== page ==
Wake Forest Law Review

By: Matthew Welch & Gilbert Smolenski

On March 1, 2018, the United States Court of Appeals for the Fourth Circuit published an opinion for United States v. Brian Bowman.  The court held that Bowman’s Fourth Amendment right, freedom from unreasonable seizures, was violated and reversed the district court ruling.

I. Facts and Procedural History

In the predawn hours the morning of June 20, 2015, Officer Waycaster was patrolling on Route 25 in Henderson County, North Carolina.  He received a tip from the DEA that two individuals driving a red, older model Lexus could be narcotics runners.  The DEA also provided a license plate number for the car.  At 3:40 a.m., Officer Waycaster spotted an older red Lexus.  Rather than stopping the vehicle based on information from the DEA, Officer Waycaster followed the car “looking for [his] own infractions . . . for [his own] reason to stop the vehicle.”  When the vehicle weaved over a fog line and accelerated to 10 mph over the speed limit, Officer Waycaster pulled the vehicle over, suspecting that the driver may have been under the influence.  The government agrees that the DEA tip should not be considered in any legal analysis.

After stopping the vehicle, Officer Waycaster noticed two men in the vehicle: Bowman, the driver, and Alvarez, the passenger.  Officer Waycaster testified that Bowman appeared nervous because his hands were shaking, he failed to make eye contact with Waycaster, and that his carotid artery was moving, indicating an elevated heart rate.  Officer Waycaster did not see any alcohol or firearms in the vehicle, but he did notice an energy drink in the center console, food wrappers, and a suitcase in the back seat.  Officer Waycaster explained why Bowman was stopped and then asked Bowman to exit the vehicle and go to the patrol car so that Officer Waycaster could check his information.  Alvarez remained in the passenger seat the entire time.

After Bowman exited the vehicle, he consented to a weapons frisk.  Officer Waycaster found no weapons.  Officer Waycaster then told Bowman to sit in the patrol car while Waycaster ran his driver’s license and registration.  While Officer Waycaster was running Bowman’s information, he asked Bowman where he was coming from.  Bowman said that he was heading home after picking up Alvarez from Alvarez’s girlfriend’s house.  He said he was returning the favor because Alvarez had done the same for him in the past. When questioned about the address of Alvarez’s girlfriend’s house, Bowman said he did not know it but that it was in his car’s GPS.  Officer Waycaster also asked Bowman what he did for a living.  Bowman replied, saying that he was a welder but was currently unemployed.  Bowman also said that he recently bought the Lexus off Craigslist.  Officer Bowman testified that this was a suspicious activity because “it was a known practice with narcotics traffickers to either use rental vehicles or use multiple, different vehicles, or buy and sell vehicles to transport narcotics.”  Officer Waycaster, believing that Bowman was not under the influence, then issued Bowman a ticket for speeding and unsafe movement of the vehicle.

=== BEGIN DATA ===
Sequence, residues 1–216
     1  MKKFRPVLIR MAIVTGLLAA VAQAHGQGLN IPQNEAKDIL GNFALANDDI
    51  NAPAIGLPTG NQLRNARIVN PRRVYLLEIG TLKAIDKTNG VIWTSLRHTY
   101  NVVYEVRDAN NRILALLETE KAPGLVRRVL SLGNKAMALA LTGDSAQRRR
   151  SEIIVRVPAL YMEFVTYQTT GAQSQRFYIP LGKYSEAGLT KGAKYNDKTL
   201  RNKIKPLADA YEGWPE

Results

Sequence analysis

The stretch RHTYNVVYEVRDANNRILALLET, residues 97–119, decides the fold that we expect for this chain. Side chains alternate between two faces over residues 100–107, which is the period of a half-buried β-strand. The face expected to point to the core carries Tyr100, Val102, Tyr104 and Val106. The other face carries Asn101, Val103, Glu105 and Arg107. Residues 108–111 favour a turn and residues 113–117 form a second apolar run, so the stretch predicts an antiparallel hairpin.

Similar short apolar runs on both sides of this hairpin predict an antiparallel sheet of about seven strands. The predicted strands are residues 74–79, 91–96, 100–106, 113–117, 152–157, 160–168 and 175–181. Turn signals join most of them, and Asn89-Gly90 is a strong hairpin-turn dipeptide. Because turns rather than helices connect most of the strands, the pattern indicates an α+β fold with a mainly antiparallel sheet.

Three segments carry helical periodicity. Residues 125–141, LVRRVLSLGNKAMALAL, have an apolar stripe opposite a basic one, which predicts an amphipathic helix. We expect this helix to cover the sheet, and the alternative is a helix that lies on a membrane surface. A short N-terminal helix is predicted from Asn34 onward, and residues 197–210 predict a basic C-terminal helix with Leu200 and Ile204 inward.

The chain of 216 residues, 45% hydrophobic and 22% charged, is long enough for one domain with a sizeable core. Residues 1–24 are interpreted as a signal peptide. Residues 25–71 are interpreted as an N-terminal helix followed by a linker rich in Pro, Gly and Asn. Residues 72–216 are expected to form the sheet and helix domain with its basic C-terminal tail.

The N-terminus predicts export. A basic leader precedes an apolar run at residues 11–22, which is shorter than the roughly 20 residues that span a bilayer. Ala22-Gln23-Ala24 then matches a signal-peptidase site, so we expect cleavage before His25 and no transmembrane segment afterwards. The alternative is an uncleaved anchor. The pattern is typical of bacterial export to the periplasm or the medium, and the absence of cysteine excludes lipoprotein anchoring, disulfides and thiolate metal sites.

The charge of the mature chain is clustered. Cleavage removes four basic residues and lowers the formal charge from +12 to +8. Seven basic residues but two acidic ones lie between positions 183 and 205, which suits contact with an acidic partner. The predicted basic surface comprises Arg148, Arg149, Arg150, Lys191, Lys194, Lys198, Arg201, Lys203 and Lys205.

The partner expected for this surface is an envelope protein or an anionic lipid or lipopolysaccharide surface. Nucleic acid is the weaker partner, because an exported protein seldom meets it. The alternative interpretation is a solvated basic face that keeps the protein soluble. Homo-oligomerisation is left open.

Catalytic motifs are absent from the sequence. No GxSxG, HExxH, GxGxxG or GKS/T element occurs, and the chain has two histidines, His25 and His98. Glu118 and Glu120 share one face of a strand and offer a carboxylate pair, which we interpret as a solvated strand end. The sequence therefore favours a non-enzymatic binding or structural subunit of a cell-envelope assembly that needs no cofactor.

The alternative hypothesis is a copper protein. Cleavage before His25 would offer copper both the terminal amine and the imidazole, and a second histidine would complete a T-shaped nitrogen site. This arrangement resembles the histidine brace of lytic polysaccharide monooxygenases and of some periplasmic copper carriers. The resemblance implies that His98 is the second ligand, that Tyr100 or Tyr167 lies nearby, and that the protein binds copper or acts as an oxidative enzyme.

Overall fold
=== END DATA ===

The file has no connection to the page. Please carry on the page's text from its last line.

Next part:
Bowman then began to exit the vehicle but Officer Waycaster asked if he could speak further with Bowman.  Bowman consented.  After another round of questions about what Bowman and Alvarez had been doing that night, Officer Waycaster, who was seated in the patrol car with Bowman said that he “was going to ask [Alvarez] questions if you don’t mind, okay?”  Bowman responded, “okay,” and remained in the vehicle.  As Officer Waycaster exited the patrol car he told Bowman, “just hang tight right there, okay.”  Bowman responded with, “oh, okay.”  Office Waycaster testified that at this point, Bowman was not free to get out of the patrol car because Waycaster had developed, from the traffic stop alone, reasonable suspicion of criminal activity.

Office Waycaster then went back to the Lexus and interviewed Alvarez about what had transpired before the two men were pulled over.  Alvarez’s story conflicted with Bowman’s.  Officer Waycaster then return to the patrol car and asked Bowman if there was meth in the Lexus, to which Bowman responded no.  Bowman then refused to let Officer Waycaster search the Lexus.  Thereafter, Officer Waycaster removed Alvarez from the Lexus and placed him in the patrol car with Bowman.  Then Office Waycaster summoned a K-9 team.  The K-9 team passed around the outside of the Lexus.  The dog alerted an officer that illegal narcotics were present in the vehicle.  Thereafter, Office Waycaster and the K-9 handler searched the interior of the car.  They found meth, digital scales, and containers of ammunition.

Bowman was charged with possession with intent to distribute methamphetamine.  Bowman filed a motion to suppress the methamphetamine evidence, arguing that Officer Waycaster unlawfully prolonged the completed traffic stop without consent or reasonable suspicion.  The district court followed the recommendation of the magistrate judge in denying the motion to suppress.  The magistrate judge admitted that Bowman was not free to leave the patrol car but that the prolonged detention was permissible because “Waycaster had a justified, reasonable suspicion that Defendant Bowman was engaged in criminal activity.” The judge said that the totality of the circumstances supported this finding.  Bowman then filed an appeal.

II. Standard of Review

The Fourth Circuit reviews the district court’s determination that the officer had a reasonable suspicion to prolong the traffic stop de novo.

III. Reasoning